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Tuesday, February 21, 2006


Last night I made it to yoga and did not fall asleep in the middle. That was only the second time I've been to a yoga class at my gym, but if you rewound my life a few years, yoga used to be my primary form of activity, and I used to go to all kinds of classes and practice Hatha, Ashtanga, and even "hot" yoga (they heat the room to about 95 degrees and because your muscles are warm you move through poses faster and deeper, but lord, do you sweat -- first time I went I had to step out halfway through because I thought I was going to barf). But I haven't really done much yoga in the past few years, and I don't know why because as I was in class last night, I was thinking about how much I enjoy it. Plus, I can see how it's good to pair some yoga with a running schedule.

For one thing, yoga emphasizes concentration and focus on the breath and the body, so that you are centered on what activity your body is engaged in. While running certainly engages the body and helps you to focus on the activity, as a sport, running doesn't necessarily lend itself to the same sort of practice, but it should. I have to be mindful of every movement in yoga and I should be mindful of my movement while I run. But typically, my mind wanders and I think about what it will feel like once I am done running instead of focusing on what it feels like to run, even when it feels uncomfortable or difficult. It's then, I suppose, I should be thinking about my breathing and not what I'll eat for breakfast when I am finished.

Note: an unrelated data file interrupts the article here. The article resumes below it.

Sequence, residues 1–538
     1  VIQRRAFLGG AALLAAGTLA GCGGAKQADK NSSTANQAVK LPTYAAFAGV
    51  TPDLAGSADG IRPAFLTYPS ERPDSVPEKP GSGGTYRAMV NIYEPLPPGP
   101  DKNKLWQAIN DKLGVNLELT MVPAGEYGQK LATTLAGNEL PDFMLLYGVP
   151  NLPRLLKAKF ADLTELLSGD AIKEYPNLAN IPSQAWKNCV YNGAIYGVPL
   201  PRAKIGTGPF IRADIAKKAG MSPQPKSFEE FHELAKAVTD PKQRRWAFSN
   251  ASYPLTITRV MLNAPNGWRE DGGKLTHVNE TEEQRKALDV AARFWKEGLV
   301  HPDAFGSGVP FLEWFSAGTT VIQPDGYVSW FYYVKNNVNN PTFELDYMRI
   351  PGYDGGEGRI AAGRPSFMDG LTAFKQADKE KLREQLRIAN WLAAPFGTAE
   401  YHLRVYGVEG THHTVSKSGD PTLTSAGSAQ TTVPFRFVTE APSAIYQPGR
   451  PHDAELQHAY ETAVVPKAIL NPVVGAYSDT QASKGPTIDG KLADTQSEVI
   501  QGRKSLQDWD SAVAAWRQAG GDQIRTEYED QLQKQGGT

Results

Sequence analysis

Breathing is a huge part of yoga, and most of the beginning portion of class and the end portion of class concentrates on only that -- connecting the breath first to the body and then, as you move through poses, connecting the breath to the movement. And breathing is something I struggle with while I run. I don't know if it's all in my head or what, but I sometimes weeze and gasp for air, and it isn't until I'm established in the distance that I can find a rhythm with my breathing. So, this morning when I ran I tried to apply the kind of calming breath that we practice in yoga -- it kinda worked, maybe it worked because I was actually thinking about how I breathed, and not just that I needed to breathe.

But lastly, I think yoga can help my running because it helps restore flexibility -- a runner's arch nemesis. Running, by its nature, tightens the muscles in the legs, back, abs, even the arms, but many runners can actually suffer by having such tight muscles. Some experience back pain, knee soreness, hip stiffness, and lower back aches, but with yoga, a runner can help relieve some of this pain and hopefully, make those problem areas resistant to such aches. Many of us who run either ignore stretching or rush through it, so taking the time to devote ourselves to full body stretching can be very beneficial and can help keep us free of injury (which means time away from running).

In fact, in the last RW, there was a special section on yoga and how it can be added to a running routine. I think I should start going back regularly; plus, I love the part at the end where the instructor guides you through relaxation -- so wonderful. It makes me feel like a kindergartener during nap time.


jkrunning--Just Keep Running said...

Oh, I love yoga. Back in NH, I used to take a "runners yoga" class. I loved it. It was on Mondays, and since most runners do their long runs on Sunday, it was awesome. I sure miss that class.

winter runner said...

Until a few weeks ago, I had never tried yoga. After my first race, my legs were very stiff and I heard it could help. It's trickier than I thought it would be, but I'm really enjoying it.